(Source: "Disaster in the Making," Der Spiegel, May 26, 2016."Migrant Statistics," The Economist, January 16, 2016.)

Struggles With High Unemployment

Unemployment in 2015 was 4.8%, better than the 7.7% rate during the recession. However, Germany has struggled with high unemployment because of historical and even cultural reasons. First, Germany has laws which make it difficult to lay off workers and lower wages. Second, the reunification of East and West Germany after the fall of the Berlin Wall also heightened unemployment, as the economy had to absorb workers from the former Communist bloc. Third, the culture support saving for a rainy day rather than boost the economy by spending.

Unemployment would have been worse in Germany were it not for reforms launched in 1998-2005. The government subsidized businesses to reduce working hours. That kept people employed during the recession, although only part-time.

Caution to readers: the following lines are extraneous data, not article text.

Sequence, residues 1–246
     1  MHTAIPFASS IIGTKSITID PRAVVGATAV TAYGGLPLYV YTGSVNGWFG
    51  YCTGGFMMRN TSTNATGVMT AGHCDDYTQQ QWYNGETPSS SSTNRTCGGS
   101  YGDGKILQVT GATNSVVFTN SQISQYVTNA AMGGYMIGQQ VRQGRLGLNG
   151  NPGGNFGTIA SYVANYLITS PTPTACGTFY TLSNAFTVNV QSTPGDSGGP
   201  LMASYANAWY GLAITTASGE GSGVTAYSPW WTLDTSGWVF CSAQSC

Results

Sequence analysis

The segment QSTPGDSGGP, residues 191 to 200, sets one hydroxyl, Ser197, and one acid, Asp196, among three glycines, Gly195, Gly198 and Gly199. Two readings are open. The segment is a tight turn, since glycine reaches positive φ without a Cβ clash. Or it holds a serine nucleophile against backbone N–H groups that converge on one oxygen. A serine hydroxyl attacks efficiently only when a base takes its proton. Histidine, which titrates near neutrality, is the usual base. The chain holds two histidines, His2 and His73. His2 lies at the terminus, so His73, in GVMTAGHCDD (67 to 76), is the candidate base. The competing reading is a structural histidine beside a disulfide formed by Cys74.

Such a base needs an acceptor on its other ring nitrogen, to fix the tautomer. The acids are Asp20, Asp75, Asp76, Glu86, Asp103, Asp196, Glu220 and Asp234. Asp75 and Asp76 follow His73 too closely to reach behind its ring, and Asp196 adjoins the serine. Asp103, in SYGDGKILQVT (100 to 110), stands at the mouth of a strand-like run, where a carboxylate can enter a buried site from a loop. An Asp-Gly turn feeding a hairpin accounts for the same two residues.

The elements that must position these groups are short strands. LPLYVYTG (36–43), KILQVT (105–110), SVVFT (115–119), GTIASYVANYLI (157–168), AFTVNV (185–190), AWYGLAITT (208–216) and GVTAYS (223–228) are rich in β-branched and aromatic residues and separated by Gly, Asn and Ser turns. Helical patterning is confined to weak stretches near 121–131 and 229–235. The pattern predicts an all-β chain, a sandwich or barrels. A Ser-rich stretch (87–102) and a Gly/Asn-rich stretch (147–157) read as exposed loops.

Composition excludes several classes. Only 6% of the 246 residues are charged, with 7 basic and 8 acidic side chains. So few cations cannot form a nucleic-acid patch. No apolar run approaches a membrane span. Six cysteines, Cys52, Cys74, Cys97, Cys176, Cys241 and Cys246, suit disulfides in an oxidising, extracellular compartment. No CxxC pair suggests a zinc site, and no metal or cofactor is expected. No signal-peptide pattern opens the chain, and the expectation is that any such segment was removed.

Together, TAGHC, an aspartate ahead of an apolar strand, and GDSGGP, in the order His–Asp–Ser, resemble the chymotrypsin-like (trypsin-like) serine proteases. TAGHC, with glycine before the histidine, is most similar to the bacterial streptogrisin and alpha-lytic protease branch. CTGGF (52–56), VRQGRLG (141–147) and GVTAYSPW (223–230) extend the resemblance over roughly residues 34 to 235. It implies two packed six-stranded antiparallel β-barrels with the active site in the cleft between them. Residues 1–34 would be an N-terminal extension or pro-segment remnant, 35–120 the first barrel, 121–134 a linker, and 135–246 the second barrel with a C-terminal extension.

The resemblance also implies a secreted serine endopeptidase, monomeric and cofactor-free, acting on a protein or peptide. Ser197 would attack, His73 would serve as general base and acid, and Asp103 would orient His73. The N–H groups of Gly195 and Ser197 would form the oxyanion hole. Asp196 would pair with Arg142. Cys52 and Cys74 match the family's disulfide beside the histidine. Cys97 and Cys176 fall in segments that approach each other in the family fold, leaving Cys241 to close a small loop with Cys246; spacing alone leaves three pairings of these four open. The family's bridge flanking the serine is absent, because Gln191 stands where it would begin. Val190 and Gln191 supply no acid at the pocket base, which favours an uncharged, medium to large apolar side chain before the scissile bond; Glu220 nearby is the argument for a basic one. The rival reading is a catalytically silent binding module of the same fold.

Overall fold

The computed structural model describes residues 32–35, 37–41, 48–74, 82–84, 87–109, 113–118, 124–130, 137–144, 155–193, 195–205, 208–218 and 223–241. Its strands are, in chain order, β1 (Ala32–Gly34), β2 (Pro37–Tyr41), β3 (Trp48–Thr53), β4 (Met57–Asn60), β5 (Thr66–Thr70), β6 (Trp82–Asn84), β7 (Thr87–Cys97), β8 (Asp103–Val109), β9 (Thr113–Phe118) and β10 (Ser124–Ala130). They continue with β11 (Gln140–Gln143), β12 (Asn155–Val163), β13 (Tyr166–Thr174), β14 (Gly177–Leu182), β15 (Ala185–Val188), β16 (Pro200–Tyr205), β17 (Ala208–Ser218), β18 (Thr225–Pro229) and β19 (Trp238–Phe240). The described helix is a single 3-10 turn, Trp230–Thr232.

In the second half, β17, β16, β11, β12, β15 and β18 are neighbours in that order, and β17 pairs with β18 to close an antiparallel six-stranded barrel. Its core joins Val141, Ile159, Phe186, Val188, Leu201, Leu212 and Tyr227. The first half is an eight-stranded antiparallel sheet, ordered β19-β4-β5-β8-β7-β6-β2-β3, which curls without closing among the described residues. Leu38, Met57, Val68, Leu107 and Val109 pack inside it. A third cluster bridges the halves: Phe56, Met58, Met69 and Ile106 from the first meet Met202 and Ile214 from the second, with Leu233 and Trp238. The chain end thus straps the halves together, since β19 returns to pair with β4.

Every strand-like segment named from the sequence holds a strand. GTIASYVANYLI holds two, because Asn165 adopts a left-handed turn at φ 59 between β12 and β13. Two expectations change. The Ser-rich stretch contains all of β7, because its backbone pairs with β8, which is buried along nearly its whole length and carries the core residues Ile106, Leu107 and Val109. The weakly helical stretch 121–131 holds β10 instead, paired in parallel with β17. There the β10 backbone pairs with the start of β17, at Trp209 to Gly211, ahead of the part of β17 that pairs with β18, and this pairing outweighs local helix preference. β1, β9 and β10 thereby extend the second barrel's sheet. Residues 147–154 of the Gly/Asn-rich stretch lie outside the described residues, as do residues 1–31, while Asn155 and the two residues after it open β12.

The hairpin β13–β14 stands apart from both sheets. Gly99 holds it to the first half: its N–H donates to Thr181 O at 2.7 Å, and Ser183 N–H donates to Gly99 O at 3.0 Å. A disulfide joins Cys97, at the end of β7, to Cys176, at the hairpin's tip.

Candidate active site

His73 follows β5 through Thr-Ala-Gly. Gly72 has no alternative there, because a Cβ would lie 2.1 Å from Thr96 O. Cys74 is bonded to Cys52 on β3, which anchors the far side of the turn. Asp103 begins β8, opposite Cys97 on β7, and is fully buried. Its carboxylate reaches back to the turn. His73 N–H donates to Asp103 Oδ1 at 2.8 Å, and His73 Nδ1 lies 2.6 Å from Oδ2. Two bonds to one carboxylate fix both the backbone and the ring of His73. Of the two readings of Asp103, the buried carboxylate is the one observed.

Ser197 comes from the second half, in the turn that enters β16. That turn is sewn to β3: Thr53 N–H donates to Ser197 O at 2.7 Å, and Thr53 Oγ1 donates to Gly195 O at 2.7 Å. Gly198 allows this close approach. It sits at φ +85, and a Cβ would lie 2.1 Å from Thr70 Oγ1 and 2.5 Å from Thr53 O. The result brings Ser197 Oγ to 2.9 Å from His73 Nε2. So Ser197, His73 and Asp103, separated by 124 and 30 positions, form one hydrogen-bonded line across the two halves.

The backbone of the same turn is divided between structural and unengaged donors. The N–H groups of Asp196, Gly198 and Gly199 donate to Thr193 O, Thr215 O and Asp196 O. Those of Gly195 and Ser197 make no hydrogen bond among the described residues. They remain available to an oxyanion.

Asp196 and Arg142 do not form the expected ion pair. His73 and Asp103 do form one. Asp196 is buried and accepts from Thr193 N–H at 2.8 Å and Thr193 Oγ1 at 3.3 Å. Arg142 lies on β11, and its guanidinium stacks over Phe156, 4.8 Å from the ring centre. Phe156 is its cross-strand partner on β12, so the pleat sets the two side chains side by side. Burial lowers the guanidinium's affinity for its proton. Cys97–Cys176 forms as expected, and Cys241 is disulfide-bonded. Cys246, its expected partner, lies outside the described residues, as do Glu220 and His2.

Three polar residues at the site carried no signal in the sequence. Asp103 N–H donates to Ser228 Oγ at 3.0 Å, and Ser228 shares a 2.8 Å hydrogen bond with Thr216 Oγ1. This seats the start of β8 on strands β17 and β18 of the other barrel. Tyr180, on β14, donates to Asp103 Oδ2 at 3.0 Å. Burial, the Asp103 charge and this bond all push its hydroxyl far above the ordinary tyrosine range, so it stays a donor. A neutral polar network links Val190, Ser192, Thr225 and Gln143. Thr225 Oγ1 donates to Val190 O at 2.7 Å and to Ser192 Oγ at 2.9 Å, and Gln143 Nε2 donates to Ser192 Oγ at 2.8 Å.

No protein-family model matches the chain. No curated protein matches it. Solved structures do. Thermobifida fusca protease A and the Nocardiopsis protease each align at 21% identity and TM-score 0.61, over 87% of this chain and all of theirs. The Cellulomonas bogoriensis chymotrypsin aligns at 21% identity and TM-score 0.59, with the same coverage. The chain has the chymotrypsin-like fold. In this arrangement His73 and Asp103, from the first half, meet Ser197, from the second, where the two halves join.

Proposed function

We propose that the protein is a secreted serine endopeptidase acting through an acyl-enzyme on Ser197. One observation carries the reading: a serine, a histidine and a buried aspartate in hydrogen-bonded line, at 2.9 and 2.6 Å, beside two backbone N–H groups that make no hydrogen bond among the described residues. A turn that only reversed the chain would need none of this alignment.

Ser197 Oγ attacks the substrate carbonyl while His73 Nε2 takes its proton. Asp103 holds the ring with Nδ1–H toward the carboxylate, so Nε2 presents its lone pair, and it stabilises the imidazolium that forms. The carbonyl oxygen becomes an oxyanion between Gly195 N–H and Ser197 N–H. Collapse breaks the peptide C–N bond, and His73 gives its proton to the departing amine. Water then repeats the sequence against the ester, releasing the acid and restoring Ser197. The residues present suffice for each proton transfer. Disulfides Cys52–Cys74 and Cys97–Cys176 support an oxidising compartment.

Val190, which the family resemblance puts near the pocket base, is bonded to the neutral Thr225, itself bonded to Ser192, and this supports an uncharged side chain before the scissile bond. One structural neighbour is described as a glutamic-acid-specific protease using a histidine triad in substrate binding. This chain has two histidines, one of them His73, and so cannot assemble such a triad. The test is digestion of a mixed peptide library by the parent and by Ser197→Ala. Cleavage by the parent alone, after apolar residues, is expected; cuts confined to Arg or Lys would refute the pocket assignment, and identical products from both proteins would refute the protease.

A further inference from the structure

German-Russian Relations Are Unique

While President of the EU in 2007, Merkel met with Russia’s President Vladimir Putin at his private country retreat, Bocharov Ruchei in Sochi. Merkel and Putin enjoyed a relatively cordial relationship. That was thanks to Putin’s fluency in German and Merkel’s schooling in then-Communist Eastern Germany, which gives her a good command of Russian.

Merkel arrived just one week after Russia cut off gas supplies to Belarus, which carried the main pipeline to Europe. Merkel got assurances that Putin’s pipeline politics would not affect the EU's or Germany's energy supply. Russia does not want to jeopardize German foreign direct investment in Russia or bilateral trade.Putin also agreed to:

  • A new EU-Russia Partnership and Cooperation Agreement.
  • Acceleration of a gas pipeline construction to Germany under the Baltic Sea.
  • Construction of an oil pipeline leading to Russia's Pacific Coast, to avoid going through “transit countries” Ukraine, Belarus, and Poland.
  • Establishment of a gas reservoir in Germany, adding a new distribution center for Russian gas.